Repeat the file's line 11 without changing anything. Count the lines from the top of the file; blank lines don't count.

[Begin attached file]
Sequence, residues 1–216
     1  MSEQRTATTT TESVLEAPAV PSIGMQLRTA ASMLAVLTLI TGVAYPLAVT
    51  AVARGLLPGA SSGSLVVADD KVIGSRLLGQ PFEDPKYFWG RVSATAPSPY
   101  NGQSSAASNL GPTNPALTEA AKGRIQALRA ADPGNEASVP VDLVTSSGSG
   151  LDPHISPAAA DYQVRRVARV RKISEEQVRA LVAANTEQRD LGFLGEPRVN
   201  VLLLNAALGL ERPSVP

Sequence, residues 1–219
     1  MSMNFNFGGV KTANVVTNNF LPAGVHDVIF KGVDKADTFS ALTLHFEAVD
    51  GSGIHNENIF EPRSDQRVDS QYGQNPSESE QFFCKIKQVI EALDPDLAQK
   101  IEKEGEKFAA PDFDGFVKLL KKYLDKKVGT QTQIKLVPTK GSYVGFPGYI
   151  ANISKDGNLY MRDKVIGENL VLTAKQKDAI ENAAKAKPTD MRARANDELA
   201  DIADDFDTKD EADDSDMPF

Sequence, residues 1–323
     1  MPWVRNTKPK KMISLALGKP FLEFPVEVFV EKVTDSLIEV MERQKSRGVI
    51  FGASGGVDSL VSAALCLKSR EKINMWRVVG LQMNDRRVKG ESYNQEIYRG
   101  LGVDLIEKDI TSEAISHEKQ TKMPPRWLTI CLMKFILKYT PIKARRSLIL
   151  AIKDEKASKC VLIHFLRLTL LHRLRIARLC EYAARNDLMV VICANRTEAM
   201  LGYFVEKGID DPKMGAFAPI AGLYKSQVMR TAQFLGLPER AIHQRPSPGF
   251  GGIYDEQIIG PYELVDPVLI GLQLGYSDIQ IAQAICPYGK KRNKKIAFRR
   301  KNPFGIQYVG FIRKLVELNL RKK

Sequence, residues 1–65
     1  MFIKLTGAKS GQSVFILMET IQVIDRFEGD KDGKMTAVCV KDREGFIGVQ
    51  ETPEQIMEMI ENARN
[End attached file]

   151  ANISKDGNLY MRDKVIGENL VLTAKQKDAI ENAAKAKPTD MRARANDELA